MANY activities have had to be put on hold for school children during the pandemic but Bolton Music Service has ensured that music lessons could still go ahead.

During lockdown, many pupils have missed out on the opportunity to make music in face-to-face settings.

Even when schools were open for the autumn term last year, teaching music was made much more challenging due to social distancing, increased ventilation and additional cleaning of musical instruments and equipment.

This led the service to transform the way music is taught during the course of the pandemic.

A wide range of digital options have been developed for teaching music, running choirs and ensembles online and creating a library of video tutorials for specific groups of learners.

This has ensured children can continue learning about music.

Carolyn Baxendale, Head of Bolton Music Service said: “We know how much benefit young people get from their music lessons and ensembles, and we feel that it is very important to maintain a sense of musical continuity for them, even if we are not able to work face-to-face.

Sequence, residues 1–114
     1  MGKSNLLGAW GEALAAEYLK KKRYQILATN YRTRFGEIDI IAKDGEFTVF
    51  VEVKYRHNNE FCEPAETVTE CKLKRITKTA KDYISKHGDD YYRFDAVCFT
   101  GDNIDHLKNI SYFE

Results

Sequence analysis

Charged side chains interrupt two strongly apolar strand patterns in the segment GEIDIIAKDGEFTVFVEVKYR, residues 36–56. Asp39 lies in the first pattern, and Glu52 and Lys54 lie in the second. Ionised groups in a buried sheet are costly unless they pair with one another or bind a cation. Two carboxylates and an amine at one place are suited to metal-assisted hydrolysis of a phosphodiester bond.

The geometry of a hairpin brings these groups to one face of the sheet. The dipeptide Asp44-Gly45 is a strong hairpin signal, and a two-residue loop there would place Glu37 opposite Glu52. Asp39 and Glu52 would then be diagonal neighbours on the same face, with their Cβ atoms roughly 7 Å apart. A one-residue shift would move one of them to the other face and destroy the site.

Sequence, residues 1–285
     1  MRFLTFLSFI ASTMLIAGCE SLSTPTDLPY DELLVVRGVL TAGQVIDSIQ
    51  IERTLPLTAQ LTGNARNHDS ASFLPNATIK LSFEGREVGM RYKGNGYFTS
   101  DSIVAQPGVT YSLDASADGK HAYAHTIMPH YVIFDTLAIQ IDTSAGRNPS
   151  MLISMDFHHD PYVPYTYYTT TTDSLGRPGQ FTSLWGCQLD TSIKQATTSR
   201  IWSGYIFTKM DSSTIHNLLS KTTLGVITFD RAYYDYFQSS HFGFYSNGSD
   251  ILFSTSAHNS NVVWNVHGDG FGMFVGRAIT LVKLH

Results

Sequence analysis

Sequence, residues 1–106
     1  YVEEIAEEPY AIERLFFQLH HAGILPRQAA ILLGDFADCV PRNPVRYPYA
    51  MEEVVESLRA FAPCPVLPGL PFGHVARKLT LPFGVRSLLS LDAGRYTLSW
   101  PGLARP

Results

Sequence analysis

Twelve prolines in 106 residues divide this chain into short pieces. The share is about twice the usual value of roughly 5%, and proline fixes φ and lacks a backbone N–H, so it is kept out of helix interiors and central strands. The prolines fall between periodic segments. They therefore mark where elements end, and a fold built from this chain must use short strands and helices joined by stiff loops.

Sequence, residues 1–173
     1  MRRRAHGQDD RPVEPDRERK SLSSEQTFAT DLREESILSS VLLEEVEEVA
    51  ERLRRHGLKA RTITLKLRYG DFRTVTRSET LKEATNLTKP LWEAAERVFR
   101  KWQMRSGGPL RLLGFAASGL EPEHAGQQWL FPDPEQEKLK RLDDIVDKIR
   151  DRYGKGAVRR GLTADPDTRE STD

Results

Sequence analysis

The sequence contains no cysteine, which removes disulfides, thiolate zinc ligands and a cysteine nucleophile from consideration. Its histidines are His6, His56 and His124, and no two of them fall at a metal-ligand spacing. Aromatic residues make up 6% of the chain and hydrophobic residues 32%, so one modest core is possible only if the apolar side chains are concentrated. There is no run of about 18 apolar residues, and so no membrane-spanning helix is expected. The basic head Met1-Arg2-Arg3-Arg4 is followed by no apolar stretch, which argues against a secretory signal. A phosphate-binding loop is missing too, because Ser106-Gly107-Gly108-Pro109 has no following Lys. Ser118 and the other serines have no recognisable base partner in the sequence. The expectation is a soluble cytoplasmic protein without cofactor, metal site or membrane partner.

“Music can have such a positive impact on mental wellbeing and has helped to keep a sense of community during these difficult times.

“We hope to be playing together in a face-to-face setting very soon.”

Bolton Music Service teaches around 8,000 children a week to play a musical instrument, working in almost all of our local primary schools and running 45 weekly out-of-school bands, choirs and orchestras and ensembles.

Cllr Anne Galloway, Executive Cabinet Member for Children’s Services said: “The service has worked really hard to adapt teaching methods to ensure children can continue to play music together during the pandemic.

“With the help of schools, thousands of children have been able to continue learning music, practising at home and getting involved with choirs and ensembles online.”